03. 02. 2004

Badisches Tagblatt (jube)

Anika Vavic with individualistic musical idiom

Rising Star was convincing with piano works by Haydn, Bach, Scriabin, Ravel and Prokofjew in the Baden-Baden Theater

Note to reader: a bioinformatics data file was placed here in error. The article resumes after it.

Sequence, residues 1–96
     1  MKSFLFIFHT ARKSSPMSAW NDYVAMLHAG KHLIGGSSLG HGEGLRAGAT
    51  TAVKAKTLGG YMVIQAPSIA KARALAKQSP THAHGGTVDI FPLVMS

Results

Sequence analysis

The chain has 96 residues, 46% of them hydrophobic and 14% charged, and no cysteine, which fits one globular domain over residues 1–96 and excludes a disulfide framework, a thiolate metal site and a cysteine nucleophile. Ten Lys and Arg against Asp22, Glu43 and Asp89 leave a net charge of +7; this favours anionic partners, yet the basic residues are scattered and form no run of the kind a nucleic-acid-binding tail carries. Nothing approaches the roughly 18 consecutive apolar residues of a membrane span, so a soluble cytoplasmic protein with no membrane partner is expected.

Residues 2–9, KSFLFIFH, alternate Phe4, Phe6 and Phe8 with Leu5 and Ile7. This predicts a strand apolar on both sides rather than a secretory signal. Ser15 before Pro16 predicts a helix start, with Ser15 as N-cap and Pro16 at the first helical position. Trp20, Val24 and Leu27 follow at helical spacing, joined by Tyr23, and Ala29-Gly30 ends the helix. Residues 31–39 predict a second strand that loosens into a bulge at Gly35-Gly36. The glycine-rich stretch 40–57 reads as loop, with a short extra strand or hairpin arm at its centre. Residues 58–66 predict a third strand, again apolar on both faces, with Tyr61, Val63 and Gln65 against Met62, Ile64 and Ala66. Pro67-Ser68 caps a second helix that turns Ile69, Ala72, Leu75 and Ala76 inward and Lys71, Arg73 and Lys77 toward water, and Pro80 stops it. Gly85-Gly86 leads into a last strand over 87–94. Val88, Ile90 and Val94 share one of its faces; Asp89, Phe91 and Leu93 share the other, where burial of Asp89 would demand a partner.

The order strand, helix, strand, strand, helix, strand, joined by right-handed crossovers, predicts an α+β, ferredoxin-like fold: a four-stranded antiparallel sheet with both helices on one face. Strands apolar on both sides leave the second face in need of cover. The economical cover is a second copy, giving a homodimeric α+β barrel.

A special kind of Rising Star was to be heard in the third concert of the series "Discoveries" co-sponsored by the Musikverein Society, the Festival Theater and the Southwest Broadcasting System (SWR) which takes place in the Festival Theater. The young, prize-winning pianist Anika Vavic attracted a large audience with her harmoniously calibrated program. The pianist, born in Belgrade, was the Viennese Musikverein and Konzerthaus choice for the season 2003/04. Vavic performs with neither pose nor with abundant pedal. In spite of the refinement of her playing style she has conserved a pleasant naturalness. The program she selected ranged from the pleasing Viennese classic of Joseph Haydn to Prokofjew's War Sonata. By virtue of her consciousness of structure, her unusual sense for sound and her sensitive ability to differentiate, the artist was convincing in each of the pieces.Whoever thought that Joseph Haydn's early instrumental music was merely a diluted version of his symphonies was immediately taught a lesson with Sonata Nr. 19. Vavic drew the audience's attention to the substance of the three movements. She was able to articulate clearly the wealth of Haydn's ideas and place the almost singable theme in the foreground.The performance of the English Suite No. 3 by Johann Sebastian Bach marked the continuation of her interpretative style. The young pianist is no keyboard lioness interested only in rattling off rapid runs. For her it is important to be able to play a higher pace when it is vital for understanding the overall structure. Therefore the movements "Courante" and "Gavotte" provided a sonorous contrast to the more peaceful, elegiac movements such as "Sarabande".With relaxed naturalness Vavic accomplished the difficult task of playing Alexander Scriabin's Four Pieces with the appropriate mystical accent. Thanks to the transparent sound each and every musical motion could be followed. The artist performed Maurice Ravel's Valses nobles et sentimantales in an individualistic, completely personal musical idiom. The piano version of the waltzes seems simple in comparison with the opulence of the orchestral instrumentation. But easy to play this morbid dream waltz is not. Nevertheless hardly anyone was able to escape the nostalgic keyboard magic which Vavic kindled.Prokofjew's Sonata No. 6 in A-Dur, which rounded off the program, demonstrated once again the young artist's versatility. The Sonata, which Prokofjew composed in 1939, is a showpiece for piano. Gripping and strong the individual movements passed in review, stormy moments were placed carefully next to calm, devout zones. Only the three encores which Vavic gladly performed were able to liberate the concert from its high-voltage conclusion (radio broadcast on 16 March in the SWR 2 Evening Concert).

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